Cut average response time by three quarters using Redis

Shortly after launching this site using Sinatra and hosted on Heroku I was looking for ways to improve the performance. I looked through the add-on services Heroku offered and found Redis-to-go had a nice looking free tier. So I went ahead and implemented caching with Redis. Here's the results:



You can see the from these New Relic graphs that the average response time over a 24 hour period has dropped from 20ms to 5ms.

The way went about this was rather than to store raw data in Redis, I stored the HTML for the whole rendered page. Then each route in Sinatra first checked for the page in Redis, returning it if it exists, or rendering and storing it if it didn't.

require 'rubygems'
require 'sinatra'
require 'digest/sha1'
require 'redis'

configure do
  uri = URI.parse(ENV["REDISTOGO_URL"])
  REDIS = =>, :port => uri.port, :password => uri.password)

helpers do
  def is_cached
    tag = "url:#{request.url}"
    page = REDIS.get(tag)
    if page and !logged_in?
      etag Digest::SHA1.hexdigest(page)
      ttl = REDIS.ttl(tag)
      response.header['redis-ttl'] = ttl.to_s
      response.header['redis'] = 'HIT'
      return page
  def set_cache(page)
    etag Digest::SHA1.hexdigest(page)
    tag = "url:#{request.url}"
    response.header['redis'] = 'MISS'
    REDIS.setex(tag, 3600, page) if !logged_in?
    return page

Here's the configuration and helpers being used make this work. First of all the required gems are loaded. Then in the configure section the Redis-to-go URL stored in an environment variable on Heroku is used to instantiate the Redis object. In the helpers section there are two functions defined, is_cached and set_cache. The is_cache function first of all queries Redis using a tag derived from the page URL, if the page is in the cache it sets an etag based on a hash of the page HTML and sets two headers, one with the Redis TTL and another specifying Redis was a hit, then finally it returns the page. The headers are only really being set to easily see if Redis is being used or not and for no functional reason. The set cache function is then only ever called if is_cache returns false, it again sets an etag for the page and then sets a header noting the Redis cache was missed, finally the page is cached in Redis with an age of 3600 seconds (1 hour) and returned. One thing to note is the use of !logged_in? throughout these functions, this comes from the use of sinatra-authentication and prevents the caching pages for authenticated users.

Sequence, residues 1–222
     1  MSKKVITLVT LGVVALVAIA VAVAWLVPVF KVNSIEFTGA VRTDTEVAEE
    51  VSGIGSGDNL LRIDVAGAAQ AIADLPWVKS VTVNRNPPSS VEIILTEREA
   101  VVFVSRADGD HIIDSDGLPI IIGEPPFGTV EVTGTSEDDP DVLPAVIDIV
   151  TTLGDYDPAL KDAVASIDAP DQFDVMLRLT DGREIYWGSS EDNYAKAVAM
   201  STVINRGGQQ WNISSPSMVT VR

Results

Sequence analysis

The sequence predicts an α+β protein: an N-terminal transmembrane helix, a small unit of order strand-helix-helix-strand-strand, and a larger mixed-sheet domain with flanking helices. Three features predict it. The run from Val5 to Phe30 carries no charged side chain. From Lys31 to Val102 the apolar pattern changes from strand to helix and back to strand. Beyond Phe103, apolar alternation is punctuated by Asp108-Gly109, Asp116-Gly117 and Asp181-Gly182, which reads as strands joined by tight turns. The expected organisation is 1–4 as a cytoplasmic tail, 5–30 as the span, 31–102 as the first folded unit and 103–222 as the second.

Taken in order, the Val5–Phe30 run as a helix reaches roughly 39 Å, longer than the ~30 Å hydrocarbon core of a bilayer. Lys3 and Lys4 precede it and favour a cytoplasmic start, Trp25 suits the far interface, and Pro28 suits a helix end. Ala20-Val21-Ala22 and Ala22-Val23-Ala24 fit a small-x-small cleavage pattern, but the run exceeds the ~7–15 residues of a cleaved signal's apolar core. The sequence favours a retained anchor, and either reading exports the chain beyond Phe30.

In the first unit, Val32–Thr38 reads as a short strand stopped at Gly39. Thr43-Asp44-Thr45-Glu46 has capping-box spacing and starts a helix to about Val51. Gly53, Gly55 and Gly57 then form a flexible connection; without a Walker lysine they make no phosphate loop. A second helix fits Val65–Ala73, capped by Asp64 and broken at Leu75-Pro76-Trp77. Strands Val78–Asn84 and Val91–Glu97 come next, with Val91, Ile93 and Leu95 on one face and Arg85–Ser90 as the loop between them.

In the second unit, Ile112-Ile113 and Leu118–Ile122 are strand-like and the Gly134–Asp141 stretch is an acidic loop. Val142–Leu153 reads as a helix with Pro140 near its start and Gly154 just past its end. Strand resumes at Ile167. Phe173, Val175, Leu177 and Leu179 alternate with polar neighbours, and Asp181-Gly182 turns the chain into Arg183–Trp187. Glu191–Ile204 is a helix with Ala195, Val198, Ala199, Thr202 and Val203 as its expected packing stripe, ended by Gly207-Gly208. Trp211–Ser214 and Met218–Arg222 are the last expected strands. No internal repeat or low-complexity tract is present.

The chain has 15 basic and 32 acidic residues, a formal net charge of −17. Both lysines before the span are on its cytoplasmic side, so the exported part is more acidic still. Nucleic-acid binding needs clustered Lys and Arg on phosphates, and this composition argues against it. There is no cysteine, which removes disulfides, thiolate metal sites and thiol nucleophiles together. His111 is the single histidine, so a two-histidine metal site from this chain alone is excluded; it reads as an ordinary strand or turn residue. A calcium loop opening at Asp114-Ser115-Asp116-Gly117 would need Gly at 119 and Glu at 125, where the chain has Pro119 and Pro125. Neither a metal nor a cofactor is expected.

get '/' do
  html = is_cached
  if html
    return html
  #Put any database queries or logic here

  html = erb :home

Here's how these functions are being used in the route for the homepage. The is_cache function is called, if it's got something in it, it will be returned. Otherwise the code will continue any of the database queries will be executed and logic would be processed before rendering the page via the erb views. This is then set using the set_cache function, which also returns the html.

Most of the routes for the site are cached in exactly this way. Check the headers, are you getting a Redis HIT?

Published on: 21 November 2012
Tags: ruby, sinatra, heroku, redis,